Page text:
What principles are used to evaluate property?

Ask yourself these questions when pricing your property…

While inventories of homes for sale in the Charleston, SC region are still low, price gains have only been moderate.  More importantly, gains haven’t been across the board – some neighborhoods are experiencing zero gains or continued soft prices.  It’s extremely important to price your home “to sell” from the beginning and not fall into that trap of “testing the water”.

Please call, text or use the form below to let us know how we can assist you. We never share your personal information with anyone. Our Privacy Policy can be read here.

Jim Bobo, Jr., Realtor, BIC, ABR, RSPS, MBA

SC Land and Homes LLC
PO Box 1182
Johns Island, SC 29457-1182
Call or text (843) 442-7275
Fax (888) 456-6618

2012 Annual Report on the Charleston Trident Housing Market released

2012 Annual Report on the Charleston Trident Housing Market released
Charleston Trident Association of Realtors has released its 2012 Year in Review report on the Charleston, SC  area’s residential housing market. Highlights:
* Home values up and down in 2012, depending on your home’s address.
* Inventory of real estate available for sale continued its decline to less than 6,000 units, which was 44% below that of 2008 and 21% below 2011. In an expanding market, reduced inventory theoretically helps stabilize or increase prices by creating more competition among buyers who are ready to buy.
* If your home was a new listing in 2012, it  had a 54% chance of selling in 2012; inversely, 46% of homes in the MLS in 2012 did not sell.  3 main probable  reasons for weak results: prices perceived as too high by buyers, property condition, and property location.  Buyers want move-in ready homes that are energy rated.  Read the latest report “What Home Buyers Really Want in 2013“.

CTAR 2012 Median Sales Price

CTAR 2012 Median Sales Price

Up or down?
If your home is in  Rural West Ashley – Hollywood, Ravenel, Meggett and Adams Run – your property may  have experienced the largest gain in home values in the area – up 13.5% from 2011.  Rural Berkeley County, Daniel Island, Folly Beach and James Island rounded out the other top 5 hot spots.

However, if you live in Greater North Charleston, Wando/Cainhoy, Upper Mt. Pleasant, St. George/Rural Dorchester County, or on Kiawah or Seabrook Islands, you may have experienced a decline in your home’s value over 2012.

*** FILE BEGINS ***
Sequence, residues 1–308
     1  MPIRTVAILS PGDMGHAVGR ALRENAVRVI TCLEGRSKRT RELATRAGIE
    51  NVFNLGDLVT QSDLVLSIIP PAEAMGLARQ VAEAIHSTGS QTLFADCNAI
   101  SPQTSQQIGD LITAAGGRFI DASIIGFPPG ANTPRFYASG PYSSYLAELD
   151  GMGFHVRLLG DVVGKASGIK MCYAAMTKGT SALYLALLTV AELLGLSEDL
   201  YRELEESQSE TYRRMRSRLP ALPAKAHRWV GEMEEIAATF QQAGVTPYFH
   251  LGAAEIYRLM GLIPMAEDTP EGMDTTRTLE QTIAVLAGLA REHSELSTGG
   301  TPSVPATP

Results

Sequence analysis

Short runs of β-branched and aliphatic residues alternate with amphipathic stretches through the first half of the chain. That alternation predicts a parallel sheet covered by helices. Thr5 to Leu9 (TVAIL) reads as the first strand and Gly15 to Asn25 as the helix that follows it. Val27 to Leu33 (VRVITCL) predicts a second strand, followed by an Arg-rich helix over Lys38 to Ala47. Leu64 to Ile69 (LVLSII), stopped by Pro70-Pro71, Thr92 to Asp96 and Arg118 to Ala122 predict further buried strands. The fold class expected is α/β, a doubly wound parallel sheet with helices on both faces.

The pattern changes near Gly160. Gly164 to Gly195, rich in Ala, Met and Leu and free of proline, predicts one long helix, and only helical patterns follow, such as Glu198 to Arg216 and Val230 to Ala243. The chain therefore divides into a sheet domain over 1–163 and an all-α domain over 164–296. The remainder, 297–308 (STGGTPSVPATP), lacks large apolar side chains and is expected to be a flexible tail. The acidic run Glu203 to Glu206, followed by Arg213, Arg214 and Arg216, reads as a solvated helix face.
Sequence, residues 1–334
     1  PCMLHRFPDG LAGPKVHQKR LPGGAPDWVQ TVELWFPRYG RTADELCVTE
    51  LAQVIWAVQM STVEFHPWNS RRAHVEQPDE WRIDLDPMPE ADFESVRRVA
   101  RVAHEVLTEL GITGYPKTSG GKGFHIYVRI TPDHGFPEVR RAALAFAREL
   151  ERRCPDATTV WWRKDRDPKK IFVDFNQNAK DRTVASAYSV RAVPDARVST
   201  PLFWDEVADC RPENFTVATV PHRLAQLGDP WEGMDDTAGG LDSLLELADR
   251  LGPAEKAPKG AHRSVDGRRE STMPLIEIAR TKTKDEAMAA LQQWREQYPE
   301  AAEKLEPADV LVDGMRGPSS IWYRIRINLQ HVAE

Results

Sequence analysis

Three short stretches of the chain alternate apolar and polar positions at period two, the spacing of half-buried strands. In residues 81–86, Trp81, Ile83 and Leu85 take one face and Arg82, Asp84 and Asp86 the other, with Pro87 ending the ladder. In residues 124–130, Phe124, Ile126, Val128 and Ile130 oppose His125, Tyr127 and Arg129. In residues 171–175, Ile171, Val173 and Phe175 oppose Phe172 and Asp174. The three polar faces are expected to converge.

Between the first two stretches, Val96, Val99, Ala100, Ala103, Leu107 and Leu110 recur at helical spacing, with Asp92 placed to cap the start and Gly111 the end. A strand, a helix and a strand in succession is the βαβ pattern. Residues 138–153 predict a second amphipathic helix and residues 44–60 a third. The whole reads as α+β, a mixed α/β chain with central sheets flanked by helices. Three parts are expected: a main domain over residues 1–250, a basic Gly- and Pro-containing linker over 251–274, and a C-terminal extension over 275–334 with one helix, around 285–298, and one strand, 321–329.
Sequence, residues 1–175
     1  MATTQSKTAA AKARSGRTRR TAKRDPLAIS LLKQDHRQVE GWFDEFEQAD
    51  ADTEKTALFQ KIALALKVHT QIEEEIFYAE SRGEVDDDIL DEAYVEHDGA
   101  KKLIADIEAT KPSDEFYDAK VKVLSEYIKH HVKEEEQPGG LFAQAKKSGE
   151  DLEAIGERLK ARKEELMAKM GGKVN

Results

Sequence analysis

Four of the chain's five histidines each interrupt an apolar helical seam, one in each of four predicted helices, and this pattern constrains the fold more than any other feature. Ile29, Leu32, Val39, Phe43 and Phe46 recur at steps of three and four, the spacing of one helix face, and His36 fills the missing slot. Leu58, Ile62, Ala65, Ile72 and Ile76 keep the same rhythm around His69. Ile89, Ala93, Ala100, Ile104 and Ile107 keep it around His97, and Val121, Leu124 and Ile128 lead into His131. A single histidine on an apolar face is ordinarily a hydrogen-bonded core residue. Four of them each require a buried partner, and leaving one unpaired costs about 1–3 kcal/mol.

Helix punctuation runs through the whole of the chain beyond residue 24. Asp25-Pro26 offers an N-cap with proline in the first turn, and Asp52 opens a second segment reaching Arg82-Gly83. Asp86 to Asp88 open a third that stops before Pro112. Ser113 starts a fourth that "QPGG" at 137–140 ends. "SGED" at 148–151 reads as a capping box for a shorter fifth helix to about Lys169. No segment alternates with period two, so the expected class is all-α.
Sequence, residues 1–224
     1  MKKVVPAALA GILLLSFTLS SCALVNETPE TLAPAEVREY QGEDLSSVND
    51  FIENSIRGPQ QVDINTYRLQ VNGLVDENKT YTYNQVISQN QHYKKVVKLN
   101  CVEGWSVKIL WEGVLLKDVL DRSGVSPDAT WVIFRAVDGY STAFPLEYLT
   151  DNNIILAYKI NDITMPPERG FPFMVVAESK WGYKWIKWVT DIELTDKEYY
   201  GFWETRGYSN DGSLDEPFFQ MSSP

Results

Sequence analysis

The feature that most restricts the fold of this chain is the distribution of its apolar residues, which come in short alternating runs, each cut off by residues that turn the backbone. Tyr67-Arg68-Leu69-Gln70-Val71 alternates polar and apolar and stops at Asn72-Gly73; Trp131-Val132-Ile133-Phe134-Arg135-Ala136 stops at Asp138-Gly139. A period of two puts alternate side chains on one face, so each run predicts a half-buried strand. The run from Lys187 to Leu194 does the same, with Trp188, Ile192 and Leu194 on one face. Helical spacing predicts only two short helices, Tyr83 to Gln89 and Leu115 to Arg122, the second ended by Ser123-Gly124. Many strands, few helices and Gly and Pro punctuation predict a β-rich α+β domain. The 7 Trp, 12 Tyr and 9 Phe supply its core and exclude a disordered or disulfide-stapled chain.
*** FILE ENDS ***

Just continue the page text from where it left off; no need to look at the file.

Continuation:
Access the report here.  Remember that this is only an aggregate trend report and does not indicate what your home might be worth on the market today.  To determine a likely sales price range for your home, you should obtain a more detailed analysis of pricing trends in your neighborhood or for your property type  and a custom CMA (Competitive Market Analysis).  It is also advisable to obtain an appraisal of your home.

How is your neighborhood  trending?
SC Land and Homes
produces the CART Report (Charleston Area Real Estate Trends Report) to help clients identify trends relevant to their property, and provides custom CMA’s to help clients price their home appropriately.  We generally do not request seller’s obtain an independently ordered appraisal  except in certain situations but recommend one if a seller has any doubts about their home’s value.  Below is a sample from a recent client report for a Summerville, SC neighborhood.  Remember that this report uses all MLS sales data compiled from multiple party sales, and only shows possible pricing trends – not necessarily values.  Please contact us for a more detailed explanation.

CART Average Selling Price graph example

CART Average Selling Price graph example
2012 Median price of 7 sold units was $280,000
Data obtained from multiple MLS parties and is deemed reliable but not guaranteed

Jim Bobo, Jr., Realtor, BIC, ABR, RSPS, MBA


SC Land and Homes LLC
Call or text (843) 442-7275
www.JimBoboRealEstate.com
Contact us